Look no hands - for

230 miles

Autonomous Nissan Leaf on the Grand Drive
Autonomous Nissan Leaf on the Grand Drive
Autonomous Nissan Leaf on the Grand Drive
Autonomous Nissan Leaf on the Grand Drive
Autonomous Nissan Leaf on the Grand Drive
Look no hands - autonomous Nissan Leaf
Autonomous Nissan Leaf instruments
Back seat driver - autonomous Nissan Leaf

A HEAVILY modified Nissan Leaf has driven and navigated itself on a record-setting 230 mile trip on public roads at the culmination of a £13.5 million, Government-backed British project designed to develop the latest autonomous vehicle technologies.

The so-called ‘Grand Drive' from Nissan's research and development facility at Cranfield in Bedfordshire to the company's Sunderland factory covered all types of roads and driving scenarios and saw the Leaf negotiate country lanes with no or minimal road markings or kerbs, junctions, roundabouts and motorways.

The autonomous technology was used to change lanes, merge and stop and start when necessary with two engineers on board and monitoring the vehicle's actions at all times. Both were fully trained to conduct autonomous vehicle testing, with one behind the wheel and ready to take control if required and the second supervising the car's control and monitoring systems.

The achievement was the culmination of 30 months' work by the HumanDrive consortium - a team led by Nissan engineers in the UK, working in partnership with nine other companies and organisations including electricals giant Hitachi, the University of Leeds and Highways England.

One of the key aspects of the project was to develop an advanced, autonomous vehicle control system ensuring that future advanced autonomous drive systems create a comfortable and familiar experience for drivers by emulating a natural, human-like driving style.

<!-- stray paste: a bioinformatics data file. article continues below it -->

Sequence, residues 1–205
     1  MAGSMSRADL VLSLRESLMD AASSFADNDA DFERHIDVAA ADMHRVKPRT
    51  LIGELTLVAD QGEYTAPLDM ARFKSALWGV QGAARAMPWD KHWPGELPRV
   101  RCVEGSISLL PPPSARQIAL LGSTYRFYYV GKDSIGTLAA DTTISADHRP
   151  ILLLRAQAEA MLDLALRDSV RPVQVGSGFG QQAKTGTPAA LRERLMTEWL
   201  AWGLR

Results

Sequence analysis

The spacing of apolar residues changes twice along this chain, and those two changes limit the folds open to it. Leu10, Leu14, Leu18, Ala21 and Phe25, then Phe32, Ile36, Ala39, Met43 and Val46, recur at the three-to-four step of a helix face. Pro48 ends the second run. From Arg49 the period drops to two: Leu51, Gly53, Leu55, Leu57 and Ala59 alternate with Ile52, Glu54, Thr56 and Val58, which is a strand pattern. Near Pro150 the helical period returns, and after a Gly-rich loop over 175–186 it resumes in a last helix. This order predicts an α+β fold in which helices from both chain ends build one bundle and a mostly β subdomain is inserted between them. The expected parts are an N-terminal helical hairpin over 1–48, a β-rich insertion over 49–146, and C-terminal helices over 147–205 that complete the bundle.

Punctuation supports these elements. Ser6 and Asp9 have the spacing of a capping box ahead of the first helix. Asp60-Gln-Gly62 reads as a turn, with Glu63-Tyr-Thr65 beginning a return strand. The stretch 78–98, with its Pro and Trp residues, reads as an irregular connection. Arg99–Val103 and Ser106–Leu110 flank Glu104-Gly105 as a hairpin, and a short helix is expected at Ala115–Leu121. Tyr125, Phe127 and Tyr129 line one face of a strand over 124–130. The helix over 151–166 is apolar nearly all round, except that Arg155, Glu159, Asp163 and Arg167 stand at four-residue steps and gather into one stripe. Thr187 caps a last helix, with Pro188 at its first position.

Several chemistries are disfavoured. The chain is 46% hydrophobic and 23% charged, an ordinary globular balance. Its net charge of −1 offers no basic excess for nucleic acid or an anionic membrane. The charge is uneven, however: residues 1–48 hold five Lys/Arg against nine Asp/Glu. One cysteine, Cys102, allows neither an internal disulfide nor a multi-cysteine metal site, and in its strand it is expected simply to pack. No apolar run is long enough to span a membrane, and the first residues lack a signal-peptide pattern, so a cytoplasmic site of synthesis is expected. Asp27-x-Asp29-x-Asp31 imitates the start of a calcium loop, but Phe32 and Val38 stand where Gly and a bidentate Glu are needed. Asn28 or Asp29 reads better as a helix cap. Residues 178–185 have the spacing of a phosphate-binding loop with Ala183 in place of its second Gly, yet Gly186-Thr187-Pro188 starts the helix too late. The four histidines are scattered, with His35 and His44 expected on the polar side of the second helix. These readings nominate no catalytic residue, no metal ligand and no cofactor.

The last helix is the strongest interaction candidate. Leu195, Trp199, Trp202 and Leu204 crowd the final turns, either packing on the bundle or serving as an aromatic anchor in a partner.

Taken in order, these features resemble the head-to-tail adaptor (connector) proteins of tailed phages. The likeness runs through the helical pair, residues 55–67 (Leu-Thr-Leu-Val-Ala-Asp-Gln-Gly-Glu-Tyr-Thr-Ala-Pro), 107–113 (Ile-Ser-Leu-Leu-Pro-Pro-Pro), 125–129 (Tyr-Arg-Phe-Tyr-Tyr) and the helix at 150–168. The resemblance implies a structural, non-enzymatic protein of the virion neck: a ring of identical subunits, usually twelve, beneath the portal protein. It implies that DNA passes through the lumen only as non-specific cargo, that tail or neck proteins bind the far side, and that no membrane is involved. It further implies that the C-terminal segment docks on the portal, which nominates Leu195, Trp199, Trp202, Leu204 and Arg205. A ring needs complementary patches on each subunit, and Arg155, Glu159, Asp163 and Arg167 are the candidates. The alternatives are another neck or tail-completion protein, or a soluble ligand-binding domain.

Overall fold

The Nissan Leaf used in the project was fitted with advanced positioning technology featuring GPS, radar, laser scanning LIDAR and camera technologies which build up a perception of the world around the car. Using that perceived world, the system can make decisions about how to navigate roads and obstacles it encounters on a journey.

Ahead of the 230 mile self-driving trip the systems had been extensively tested using simulations and on closed to the public test tracks.

According to David Moss, Nissan's European R&D vice-president: "The door is now open to build on this successful UK research project, as we move towards a future which is more autonomous, more electric, and more connected."

And Business Minister Nadhim Zahawi believes that completing the longest autonomous drive in Britain is not just an incredible achievement for Nissan and the HumanDrive consortium, but also"a huge step towards the rollout of driverless cars on UK streets."


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